Throughout time, clothing has morphed from a sole necessity of survival to a luxury of status. Fashion has defined individual groups of people and put a significant barrier between classes such as nobles and slaves. Several other groups can be ranked through what they wear and how they conduct themselves.
The Roman people loved their material possessions. In fact, there were several types of merchants that came from all over the known world to bring exotic things to the wealthy class. These exotic things could have been part of the cause for that significant barrier clearly observed between wealthy and deprived.
Roman toga diagram
Stolas and togas were mainly worn as the basic form of clothing for the Roman people. Depending on your status, you either added to or took away that basic form.
Ancient Times, Roman- Costumes of All Nations
Women, as well as men, used clothing as a marker of money and rank. Their class could be picked out just from looking at what they were wearing. “Widows were usually distinguished from wives, and the ‘mothers of the family’ from other matrons… Not only veils but also the other garments of women served as indicators of their status and social function” (Sebesta 46). Clothing, whether it was the dye used to color the cloth or how much layering was done, could change how the public saw individuals. Being adorned was very important for women of that era and. As Livy said, “elegance, and ornamentation, and care of the self- these are the insignia of women, in these they delight and glory; this our ancestors called ‘women’s world’” (Olson 7). Women with colorful stolas and brooches were normally on the wealthier side. “Poorer women made do with coarse brown or gray cloth, fastened with a treasured brooch or pin” (Williams 24)
Jewlery and ornamentation was also used to show status. We have seen glimpses of this while looking at evidences in Pompeii. “As Rome’s empire grew richer, ordinary people could afford gold rings, and rich people wore rings that were truly massive. Some rings bore their owner’s name” (Williams 26). Roman women also received engagement rings when they were betrothed to be married. “An engagement ring was often made of iron, so that only its jewel gave it material value; but we know that there were rings of gold because it is said that sometimes on engagement ring was the first bit of gold jewelry a girl possessed” (http://www.classicsunveiled.com/romel/html/clothwomen.html).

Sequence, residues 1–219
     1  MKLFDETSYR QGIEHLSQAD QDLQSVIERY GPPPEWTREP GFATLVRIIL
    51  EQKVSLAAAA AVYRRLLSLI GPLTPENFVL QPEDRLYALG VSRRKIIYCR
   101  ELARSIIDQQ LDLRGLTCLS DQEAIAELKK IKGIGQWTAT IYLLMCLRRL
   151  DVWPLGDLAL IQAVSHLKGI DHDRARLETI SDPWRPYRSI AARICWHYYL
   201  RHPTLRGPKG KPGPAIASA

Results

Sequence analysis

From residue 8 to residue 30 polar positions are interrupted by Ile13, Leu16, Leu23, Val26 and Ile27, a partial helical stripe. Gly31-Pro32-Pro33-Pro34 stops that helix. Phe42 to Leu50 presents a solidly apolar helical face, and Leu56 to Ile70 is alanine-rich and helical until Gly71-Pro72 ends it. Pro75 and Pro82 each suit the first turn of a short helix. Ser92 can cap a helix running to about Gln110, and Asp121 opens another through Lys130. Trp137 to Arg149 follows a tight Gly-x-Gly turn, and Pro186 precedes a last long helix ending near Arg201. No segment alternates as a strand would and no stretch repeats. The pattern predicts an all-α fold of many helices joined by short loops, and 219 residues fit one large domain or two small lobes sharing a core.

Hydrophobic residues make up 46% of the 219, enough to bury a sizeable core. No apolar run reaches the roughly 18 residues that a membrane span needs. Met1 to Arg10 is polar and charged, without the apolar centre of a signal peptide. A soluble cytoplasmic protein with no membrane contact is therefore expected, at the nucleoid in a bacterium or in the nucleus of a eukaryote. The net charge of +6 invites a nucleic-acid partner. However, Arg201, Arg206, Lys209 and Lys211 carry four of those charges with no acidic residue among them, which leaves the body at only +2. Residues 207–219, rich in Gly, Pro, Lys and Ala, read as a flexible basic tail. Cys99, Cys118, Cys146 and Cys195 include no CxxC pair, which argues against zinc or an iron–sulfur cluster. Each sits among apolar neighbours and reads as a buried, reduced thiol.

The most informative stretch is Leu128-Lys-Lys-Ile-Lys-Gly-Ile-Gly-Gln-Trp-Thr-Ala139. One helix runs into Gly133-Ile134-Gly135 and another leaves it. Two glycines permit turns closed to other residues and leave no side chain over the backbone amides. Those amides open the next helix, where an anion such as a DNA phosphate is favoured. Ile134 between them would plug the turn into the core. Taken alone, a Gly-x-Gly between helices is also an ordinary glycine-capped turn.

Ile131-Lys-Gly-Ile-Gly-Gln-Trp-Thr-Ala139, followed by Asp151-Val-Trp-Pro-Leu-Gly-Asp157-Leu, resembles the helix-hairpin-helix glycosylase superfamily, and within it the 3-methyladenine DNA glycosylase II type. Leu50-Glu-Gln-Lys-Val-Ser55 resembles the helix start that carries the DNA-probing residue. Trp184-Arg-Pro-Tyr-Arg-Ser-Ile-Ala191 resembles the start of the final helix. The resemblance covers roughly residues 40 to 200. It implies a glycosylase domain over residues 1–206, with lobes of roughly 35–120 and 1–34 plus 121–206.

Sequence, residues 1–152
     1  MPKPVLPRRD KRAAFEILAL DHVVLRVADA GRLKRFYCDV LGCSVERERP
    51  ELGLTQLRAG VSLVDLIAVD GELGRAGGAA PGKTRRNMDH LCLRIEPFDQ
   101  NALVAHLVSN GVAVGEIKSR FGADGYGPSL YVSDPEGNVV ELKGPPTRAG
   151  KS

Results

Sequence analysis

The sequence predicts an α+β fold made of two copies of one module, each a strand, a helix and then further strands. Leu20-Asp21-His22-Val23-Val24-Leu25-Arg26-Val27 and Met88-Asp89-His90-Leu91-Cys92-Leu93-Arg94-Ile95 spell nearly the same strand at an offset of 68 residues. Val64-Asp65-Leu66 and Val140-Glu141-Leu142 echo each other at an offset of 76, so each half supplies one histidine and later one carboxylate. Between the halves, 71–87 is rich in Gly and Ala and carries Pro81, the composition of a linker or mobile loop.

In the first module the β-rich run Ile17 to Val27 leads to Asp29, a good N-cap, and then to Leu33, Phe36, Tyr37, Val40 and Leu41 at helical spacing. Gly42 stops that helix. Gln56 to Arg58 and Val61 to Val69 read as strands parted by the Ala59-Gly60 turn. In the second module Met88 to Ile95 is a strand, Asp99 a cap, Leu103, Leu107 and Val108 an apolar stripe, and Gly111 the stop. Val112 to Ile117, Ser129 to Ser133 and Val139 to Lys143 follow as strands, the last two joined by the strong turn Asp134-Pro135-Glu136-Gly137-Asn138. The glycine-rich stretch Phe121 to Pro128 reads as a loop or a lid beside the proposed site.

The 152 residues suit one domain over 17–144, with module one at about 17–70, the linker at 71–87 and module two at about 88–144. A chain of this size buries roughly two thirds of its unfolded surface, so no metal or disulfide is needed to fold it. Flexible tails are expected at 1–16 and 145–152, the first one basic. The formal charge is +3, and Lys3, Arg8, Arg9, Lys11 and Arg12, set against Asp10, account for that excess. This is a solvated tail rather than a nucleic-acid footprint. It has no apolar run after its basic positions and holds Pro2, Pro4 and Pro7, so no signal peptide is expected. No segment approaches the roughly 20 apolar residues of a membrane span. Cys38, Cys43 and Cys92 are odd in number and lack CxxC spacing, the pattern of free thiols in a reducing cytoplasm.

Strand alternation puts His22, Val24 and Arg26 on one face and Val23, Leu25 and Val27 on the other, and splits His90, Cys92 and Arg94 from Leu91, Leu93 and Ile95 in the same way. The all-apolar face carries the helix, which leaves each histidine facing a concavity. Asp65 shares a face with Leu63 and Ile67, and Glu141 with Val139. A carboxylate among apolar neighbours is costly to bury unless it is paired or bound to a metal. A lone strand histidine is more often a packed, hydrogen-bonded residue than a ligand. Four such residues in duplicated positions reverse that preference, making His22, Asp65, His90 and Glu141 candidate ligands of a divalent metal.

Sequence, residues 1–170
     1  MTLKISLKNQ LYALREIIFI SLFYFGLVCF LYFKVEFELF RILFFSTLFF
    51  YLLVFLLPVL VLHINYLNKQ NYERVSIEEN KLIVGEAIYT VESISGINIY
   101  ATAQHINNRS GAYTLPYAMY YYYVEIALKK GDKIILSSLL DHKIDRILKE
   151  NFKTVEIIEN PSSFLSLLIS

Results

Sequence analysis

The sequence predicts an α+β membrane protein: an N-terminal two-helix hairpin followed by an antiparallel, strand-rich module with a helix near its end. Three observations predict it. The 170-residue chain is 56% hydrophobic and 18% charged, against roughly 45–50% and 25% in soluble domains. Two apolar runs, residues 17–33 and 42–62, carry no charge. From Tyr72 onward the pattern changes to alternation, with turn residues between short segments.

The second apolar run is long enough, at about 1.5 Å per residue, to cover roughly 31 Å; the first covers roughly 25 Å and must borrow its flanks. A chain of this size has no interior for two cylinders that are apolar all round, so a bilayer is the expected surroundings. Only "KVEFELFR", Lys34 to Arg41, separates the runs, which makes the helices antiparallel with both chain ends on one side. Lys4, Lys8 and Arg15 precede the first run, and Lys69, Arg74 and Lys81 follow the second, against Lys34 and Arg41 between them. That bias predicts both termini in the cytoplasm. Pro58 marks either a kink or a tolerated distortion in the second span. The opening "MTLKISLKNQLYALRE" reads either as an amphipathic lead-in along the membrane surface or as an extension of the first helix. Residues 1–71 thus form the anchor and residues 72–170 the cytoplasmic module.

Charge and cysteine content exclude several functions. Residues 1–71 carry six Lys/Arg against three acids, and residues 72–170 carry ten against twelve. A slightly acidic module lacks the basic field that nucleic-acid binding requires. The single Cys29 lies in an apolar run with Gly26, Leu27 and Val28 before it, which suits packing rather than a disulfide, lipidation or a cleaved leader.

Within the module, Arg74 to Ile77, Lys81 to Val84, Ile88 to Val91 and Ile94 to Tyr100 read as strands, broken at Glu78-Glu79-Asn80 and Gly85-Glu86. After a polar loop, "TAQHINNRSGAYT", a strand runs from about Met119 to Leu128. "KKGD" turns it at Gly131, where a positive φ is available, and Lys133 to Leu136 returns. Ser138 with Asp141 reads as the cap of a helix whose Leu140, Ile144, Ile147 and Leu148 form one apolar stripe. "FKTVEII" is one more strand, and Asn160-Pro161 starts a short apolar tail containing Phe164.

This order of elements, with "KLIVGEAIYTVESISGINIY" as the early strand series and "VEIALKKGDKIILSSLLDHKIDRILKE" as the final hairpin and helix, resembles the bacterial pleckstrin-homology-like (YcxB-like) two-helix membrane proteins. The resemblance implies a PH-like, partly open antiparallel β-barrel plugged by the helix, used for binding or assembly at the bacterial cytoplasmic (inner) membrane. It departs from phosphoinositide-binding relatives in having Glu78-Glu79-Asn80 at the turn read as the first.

Puella Inguena, a Freeborn girl, would wear a toga praetexta and had braided hair tied with a vita, luna. A toga praetexta was also worn by freeborn boys and could have just been what brothers and sisters alike wore as day-to-day clothing. This kind of toga, as seen in this portrait of a child, was based from an “adult male’s but had a narrow, reddish purple woven border along one long edge” (Sebesta 46).
An adulteress or Adultera “was not permitted to wear the stola and vittae. Instead, according to custom, the woman divorced of promiscuity wore a plain toga. The symbolism behind the assumption of the toga would seem not to be that the woman had assumed the sexual freedom allowed males, but that she ahd lost her status and role as a sexually mature woman in Roman Society” (Sebesta 50).
Viduas (widow) possibly wore a ricinium, stola, and vittae. The ricinium was for everyday wear for women- the equal to a men’s toga. As time passed, the ricinium, now a dark colored material made out of wool, was used as a sign of mourning.
- Olson, K. (2008). Dress and the Roman Woman: Self-Presentation and Society. New York: Routledge.
- Sebesta, J. L. (2001). Symbolism of the Costume of the Roman Woman. In J. L. Sebesta, & L. Bonfante, The World of Roman Costume (pp. 46-53). Madison: The University of Wisconsin Press.
- Williams, B. (2003). Ancient Roman Women. Chicago: Reed Educational & Professional Publishing.
- “Roman toga diagram” by LadyofHats – Own work by LadyofHats. Licensed under Public Domain via Wikimedia Commons –https://commons.wikimedia.org/wiki/File:Roman_toga_diagram.svg#/media/File:Roman_toga_diagram.svg
- “Ancient Times, Roman. – 018 – Costumes of All Nations (1882)” by by Albert Kretschmer, painters and costumer to the Royal Court Theatre, Berin, and Dr. Carl Rohrbach. – Costumes of All Nations (1882). Licensed under Public Domain via Wikimedia Commons –https://commons.wikimedia.org/wiki/File:Ancient_Times,_Roman._-_018_-_Costumes_of_All_Nations_(1882).JPG#/media/File:Ancient_Times,_Roman._-_018_-_Costumes_of_All_Nations_(1882).JPG
- “Meisje100″ by rob koopman – originally posted to Flickr as portret van een meisje met gouden louwerkrans (Allard Pierson museum Amsterdam, wood, ~100AD). Licensed under Public Domain via Wikimedia Commons –https://commons.wikimedia.org/wiki/File:Meisje100.jpg#/media/File:Meisje100.jpg